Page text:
‘There’s only one corner of the universe you can be certain of improving, and that’s your own self,’ insisted Aldous Huxley, the English novelist best known for his dystopian novel, Brave New World.
In his exploration of the dilemmas confronting modern man – the rise of capitalism, the dehumanising demands of technology and progress and the cult of self-worship and instant gratification – Huxley hits on many truisms in his chilling forecasts to the modern world.
We are soon to see Muslims the world over observe the fasts of Ramadan. Ramadan, essentially, is the month in which believers are required to buckle down more consciously and improve their own ‘corner of the universe.’ The month is marked by heightened religious observance and also a keener sense of social cohesion, and provides a powerful energy for self-transformation. As the month progresses, many Muslims, repentant for the ills and misdeeds of their past, resolve never to return to such ways again. Men, women and whole societies actively purify themselves during the month. This experience becomes, for many, the turning point of the year; and, for some, the turning point of their lives. Furthermore, Ramadan yields to the believer an array of timely lessons to help steer them through what is fast becoming a chaotic and volatile world. We shall touch upon three such lessons.
Undoubtedly, the principle lesson of Ramadan is learning to be more God-conscious, which is related to the sense of ta‘zim – reverence or veneration. Ramadan is a call to renew our reverence of God by venerating the Divine commands and respecting their limits (hudud). The regime of fasting sets certain limits which, though designed to facilitate our detachment from the lower world, and also from the nafs (the ego), it is ultimately about offering believers an opportunity to revere and remember God rather more fully and faithfully.
Another of Ramadan’s recurring lessons is that of restraint. By temporarily denying themselves instant gratification while fasting, Muslims are taught self-restraint. Here we confront Islam as counter-culture. For what could be more unmodern than to keep the demands and cravings of the nafs in check. Modernity is about pandering to the nafs. “Free yourself”, “be yourself”, “indulge yourself”, is modernity’s holy trinity.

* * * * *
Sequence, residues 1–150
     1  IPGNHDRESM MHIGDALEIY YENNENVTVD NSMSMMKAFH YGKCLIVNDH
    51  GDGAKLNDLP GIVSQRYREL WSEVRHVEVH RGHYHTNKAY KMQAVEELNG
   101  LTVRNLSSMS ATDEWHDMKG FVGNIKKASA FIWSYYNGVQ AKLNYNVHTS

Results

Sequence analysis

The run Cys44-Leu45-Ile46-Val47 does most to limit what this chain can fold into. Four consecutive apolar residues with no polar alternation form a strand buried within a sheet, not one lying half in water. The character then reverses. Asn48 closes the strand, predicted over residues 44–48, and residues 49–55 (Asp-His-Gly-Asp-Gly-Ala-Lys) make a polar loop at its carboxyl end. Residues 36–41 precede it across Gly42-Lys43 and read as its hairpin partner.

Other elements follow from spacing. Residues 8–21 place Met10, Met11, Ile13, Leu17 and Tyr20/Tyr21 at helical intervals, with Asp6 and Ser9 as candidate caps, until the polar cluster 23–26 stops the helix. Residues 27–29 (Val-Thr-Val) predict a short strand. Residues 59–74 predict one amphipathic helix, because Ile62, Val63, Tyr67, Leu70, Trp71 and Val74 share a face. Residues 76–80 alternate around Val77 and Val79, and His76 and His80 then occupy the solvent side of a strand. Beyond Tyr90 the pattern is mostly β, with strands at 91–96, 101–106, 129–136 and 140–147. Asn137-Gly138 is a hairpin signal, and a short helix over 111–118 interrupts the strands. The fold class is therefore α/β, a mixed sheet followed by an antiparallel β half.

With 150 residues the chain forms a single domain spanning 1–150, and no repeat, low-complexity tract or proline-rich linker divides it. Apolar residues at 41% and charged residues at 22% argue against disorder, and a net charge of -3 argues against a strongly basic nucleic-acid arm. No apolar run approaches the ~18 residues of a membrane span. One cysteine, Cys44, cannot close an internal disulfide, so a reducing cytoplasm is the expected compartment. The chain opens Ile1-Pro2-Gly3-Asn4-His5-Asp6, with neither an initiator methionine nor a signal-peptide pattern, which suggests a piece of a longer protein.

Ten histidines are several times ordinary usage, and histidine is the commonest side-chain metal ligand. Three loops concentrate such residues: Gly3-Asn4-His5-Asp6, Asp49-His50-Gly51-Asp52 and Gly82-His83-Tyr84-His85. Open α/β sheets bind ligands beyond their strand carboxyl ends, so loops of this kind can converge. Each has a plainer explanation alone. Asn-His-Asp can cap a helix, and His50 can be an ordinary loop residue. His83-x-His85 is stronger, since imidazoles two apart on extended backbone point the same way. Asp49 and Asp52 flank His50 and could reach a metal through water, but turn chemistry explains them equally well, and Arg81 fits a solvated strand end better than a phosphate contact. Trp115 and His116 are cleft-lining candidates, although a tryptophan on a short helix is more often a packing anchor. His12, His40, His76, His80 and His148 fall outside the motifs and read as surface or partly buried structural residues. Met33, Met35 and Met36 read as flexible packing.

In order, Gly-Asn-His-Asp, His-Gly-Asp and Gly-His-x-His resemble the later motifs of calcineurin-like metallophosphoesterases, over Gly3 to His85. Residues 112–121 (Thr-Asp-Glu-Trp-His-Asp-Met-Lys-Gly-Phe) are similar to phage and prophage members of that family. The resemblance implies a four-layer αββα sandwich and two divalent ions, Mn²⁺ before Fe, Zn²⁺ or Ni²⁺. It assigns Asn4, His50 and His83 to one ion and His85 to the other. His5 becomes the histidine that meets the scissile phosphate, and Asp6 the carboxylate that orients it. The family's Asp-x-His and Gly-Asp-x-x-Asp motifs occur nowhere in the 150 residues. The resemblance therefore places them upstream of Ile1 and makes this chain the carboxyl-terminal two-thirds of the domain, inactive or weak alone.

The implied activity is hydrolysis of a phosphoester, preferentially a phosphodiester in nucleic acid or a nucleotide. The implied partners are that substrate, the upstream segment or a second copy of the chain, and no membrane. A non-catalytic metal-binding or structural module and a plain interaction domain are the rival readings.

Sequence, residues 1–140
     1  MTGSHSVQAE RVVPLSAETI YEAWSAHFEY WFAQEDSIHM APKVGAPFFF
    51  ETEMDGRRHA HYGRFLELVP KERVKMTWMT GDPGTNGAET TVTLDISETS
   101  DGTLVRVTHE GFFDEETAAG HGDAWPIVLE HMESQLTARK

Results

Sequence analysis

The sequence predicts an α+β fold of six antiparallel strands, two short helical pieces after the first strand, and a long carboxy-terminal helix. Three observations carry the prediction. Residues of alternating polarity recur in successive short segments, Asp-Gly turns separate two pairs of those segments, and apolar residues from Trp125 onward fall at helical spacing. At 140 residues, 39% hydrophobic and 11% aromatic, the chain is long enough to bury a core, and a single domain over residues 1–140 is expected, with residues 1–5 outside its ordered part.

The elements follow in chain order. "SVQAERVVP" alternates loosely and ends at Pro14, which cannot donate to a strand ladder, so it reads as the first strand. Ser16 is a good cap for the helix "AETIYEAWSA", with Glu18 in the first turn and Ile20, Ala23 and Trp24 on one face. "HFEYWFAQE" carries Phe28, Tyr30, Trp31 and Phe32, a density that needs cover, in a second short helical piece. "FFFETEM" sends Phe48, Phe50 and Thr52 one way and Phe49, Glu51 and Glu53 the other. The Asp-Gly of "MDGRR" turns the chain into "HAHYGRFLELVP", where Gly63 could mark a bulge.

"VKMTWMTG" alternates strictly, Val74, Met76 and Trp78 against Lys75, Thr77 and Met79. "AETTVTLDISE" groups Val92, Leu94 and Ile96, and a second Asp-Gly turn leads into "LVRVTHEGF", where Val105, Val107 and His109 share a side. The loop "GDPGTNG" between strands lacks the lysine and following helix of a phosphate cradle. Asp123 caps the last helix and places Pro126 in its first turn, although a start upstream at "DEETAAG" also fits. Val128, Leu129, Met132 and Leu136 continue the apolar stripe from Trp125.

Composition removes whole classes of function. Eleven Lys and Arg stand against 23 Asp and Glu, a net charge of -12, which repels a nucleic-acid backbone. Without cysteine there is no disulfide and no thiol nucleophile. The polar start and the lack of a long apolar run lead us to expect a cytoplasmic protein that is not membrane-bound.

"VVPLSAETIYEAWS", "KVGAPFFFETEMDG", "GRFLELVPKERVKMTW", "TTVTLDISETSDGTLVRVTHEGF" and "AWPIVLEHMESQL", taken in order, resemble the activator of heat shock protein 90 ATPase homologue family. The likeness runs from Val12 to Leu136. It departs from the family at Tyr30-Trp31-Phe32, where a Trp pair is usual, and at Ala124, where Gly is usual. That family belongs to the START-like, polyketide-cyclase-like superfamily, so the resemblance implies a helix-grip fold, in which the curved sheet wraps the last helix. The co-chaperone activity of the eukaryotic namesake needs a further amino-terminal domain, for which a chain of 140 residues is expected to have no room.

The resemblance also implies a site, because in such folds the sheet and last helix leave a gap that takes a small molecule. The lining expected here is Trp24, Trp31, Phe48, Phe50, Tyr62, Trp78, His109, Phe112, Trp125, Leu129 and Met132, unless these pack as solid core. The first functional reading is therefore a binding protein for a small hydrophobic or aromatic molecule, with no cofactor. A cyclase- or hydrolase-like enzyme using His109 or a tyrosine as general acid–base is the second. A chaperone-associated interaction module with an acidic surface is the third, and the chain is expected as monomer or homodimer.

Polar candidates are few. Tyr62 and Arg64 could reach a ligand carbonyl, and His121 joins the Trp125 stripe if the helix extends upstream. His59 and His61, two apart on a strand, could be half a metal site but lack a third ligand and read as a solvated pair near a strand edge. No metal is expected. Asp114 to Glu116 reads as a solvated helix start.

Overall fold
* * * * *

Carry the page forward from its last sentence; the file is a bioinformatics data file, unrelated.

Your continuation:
Our current climate is one where Muslims find themselves under constant scrutiny, criticism or attack. Hardly a day goes by, in the media or the world at large, without Islam being fair game. Yet for believers, the self-restraint exercised in Ramadan is the very same restraint we must demonstrate in the face of all such provocations. The Qur’an asserts: ‘You shall certainly hear much that is hurtful from those who were given the Book before you, and from the idolaters. But if you are patient and God-conscious, these are weighty factors in all affairs.’
Ramadan also teaches us responsibility – particularly to the world’s poor and hungry. For by the end of a day’s fast, Muslims usually experience some sensation of hunger. Thus we are awakened, in a most direct manner, to the plight of hundreds of millions of our fellow human beings who suffer hunger and starvation every day. This should compel us to extend to them our help and support. In a world filled with grotesque human inequalities, and soaked in the unholiness of poverty, we must each commit ourselves to eliminating this global injustice.
This year, the academic year commences a few weeks after Ramadan ends. As schools all over Britain gear up to the task of grounding their pupils in the three R’s (reading, writing and arithmetic), Ramadan offers its own three R’s: reverence, restraint and responsibility. Internalising such lessons best prepares believers to engage the brave new world of the Monoculture and help bring about its healing.
 al-Qur’an 3:186